March Responses


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Susan A. Bandes, Peter H. Huang, and Michael Stocker each respond to Dan M. Kahan’s Two Conceptions of Emotion in Risk Regulation, 156 U. Pa. L. Rev. 741 (2008).  In his article, Professor Kahan mainly examines two competing theories of risk perception, the “irrational weigher” theory and the “cultural evaluator theory.” Kahan prefers the latter theory, which suggests, in part, that “individuals are cognitively motivated to reject information about risk when they perceive that accepting it would threaten their defining group commitments.” He argues that “[t]o avoid this reaction . . . information about risks must be framed in a way that affirms rather than denigrates recipients’ cultural identities . . . .”

Professor Bandes, in her Response, Emotions, Values, and the Construction of Risk, notes that when dealing with emotions and public policymaking “[t]he challenge is to encourage the helpful emotions, and discourage, educate, or cabin the unhelpful ones.” She argues that “Values and the emotions that animate them should be assessed in light of our democratic aspirations” and concludes that the “process of defining and acting upon our collective values . . . is . . . essential to the working of participatory democracy . . . .”

Professor Huang, in his Response, Diverse Conceptions of Emotions in Risk Regulation, adds to Kahan’s analysis by focusing on the role that positive emotions can play in affecting risk perceptions. He acknowledges that fear is a strong motivating factor in risk perception, but argues that we should not ignore the influence of positive emotions “including courage and pride.” Professor Huang also emphasizes the problem of heterogeneity in the audience and warns that “no single model of emotions in risk perception can accurately describe all roles that all emotions play for all people, in all situations, during all times, facing all risks.”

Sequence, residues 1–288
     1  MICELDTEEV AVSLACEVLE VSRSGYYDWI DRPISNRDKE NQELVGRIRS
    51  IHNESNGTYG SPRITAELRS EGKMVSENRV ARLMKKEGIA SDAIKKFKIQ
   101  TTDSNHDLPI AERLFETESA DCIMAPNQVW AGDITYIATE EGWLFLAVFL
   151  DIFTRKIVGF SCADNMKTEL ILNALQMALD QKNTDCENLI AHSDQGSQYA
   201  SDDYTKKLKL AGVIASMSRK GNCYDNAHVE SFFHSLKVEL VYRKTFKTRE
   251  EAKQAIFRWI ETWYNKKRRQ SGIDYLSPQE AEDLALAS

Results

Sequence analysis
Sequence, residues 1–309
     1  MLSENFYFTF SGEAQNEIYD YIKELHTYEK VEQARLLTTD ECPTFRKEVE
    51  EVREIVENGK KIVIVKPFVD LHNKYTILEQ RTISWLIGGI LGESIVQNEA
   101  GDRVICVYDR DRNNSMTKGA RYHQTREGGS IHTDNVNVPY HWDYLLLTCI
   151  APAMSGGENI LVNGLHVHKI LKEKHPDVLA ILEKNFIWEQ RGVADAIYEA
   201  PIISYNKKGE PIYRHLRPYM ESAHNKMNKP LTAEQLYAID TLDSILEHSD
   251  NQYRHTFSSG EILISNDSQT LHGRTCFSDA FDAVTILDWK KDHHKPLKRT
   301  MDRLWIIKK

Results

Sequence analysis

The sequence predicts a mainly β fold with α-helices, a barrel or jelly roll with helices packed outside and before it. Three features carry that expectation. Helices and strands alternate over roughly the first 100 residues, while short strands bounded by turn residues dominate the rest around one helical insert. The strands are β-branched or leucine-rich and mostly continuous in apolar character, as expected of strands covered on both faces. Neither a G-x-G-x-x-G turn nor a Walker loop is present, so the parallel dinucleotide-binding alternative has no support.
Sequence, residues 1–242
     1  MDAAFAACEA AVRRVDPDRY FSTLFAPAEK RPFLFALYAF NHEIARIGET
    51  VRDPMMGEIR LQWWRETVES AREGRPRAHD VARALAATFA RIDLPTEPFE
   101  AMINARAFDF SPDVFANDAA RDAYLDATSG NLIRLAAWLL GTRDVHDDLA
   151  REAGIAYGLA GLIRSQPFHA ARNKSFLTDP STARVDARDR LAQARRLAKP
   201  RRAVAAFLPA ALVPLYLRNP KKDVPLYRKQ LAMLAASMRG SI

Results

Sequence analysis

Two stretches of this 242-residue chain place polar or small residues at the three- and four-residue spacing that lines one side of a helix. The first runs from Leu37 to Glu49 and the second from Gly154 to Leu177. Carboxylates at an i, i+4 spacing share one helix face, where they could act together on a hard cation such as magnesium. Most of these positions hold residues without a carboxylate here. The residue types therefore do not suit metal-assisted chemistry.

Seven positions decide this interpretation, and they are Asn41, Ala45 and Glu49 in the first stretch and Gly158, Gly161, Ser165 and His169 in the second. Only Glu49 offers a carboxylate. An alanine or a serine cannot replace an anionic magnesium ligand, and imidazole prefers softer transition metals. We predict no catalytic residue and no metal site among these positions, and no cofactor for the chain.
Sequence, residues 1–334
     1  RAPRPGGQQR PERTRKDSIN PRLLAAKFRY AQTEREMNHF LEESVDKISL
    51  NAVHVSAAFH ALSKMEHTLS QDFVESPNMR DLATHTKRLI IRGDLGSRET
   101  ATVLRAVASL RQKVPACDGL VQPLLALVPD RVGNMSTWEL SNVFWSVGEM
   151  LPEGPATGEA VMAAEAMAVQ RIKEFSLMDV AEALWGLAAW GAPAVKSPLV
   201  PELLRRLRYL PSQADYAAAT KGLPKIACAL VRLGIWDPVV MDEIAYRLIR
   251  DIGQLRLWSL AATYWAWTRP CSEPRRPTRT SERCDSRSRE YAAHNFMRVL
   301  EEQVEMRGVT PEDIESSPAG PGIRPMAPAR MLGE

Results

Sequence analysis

Finally, Professor Stocker, in his Response, Some Questions About Emotions and Risk Evaluation, examines Kahan’s account of the rational weigher, irrational weigher, and cultural evaluator theories and probes for weakness in each theory’s treatment of emotion and risk evaluation. He observes that the challenge in capturing the relationship between emotion and risk results from the fact that “the social values expressed by . . . emotions are typically available only in outline.” He asks us, in conclusion, to consider just “how difficult it is . . . to give a ‘full and final’ account of what patriotism, love, being a good lawyer, etc., [really] requires . . . .”

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Responses and Debates, or to check out pdfs of the Penn Law Review‘s print edition articles.

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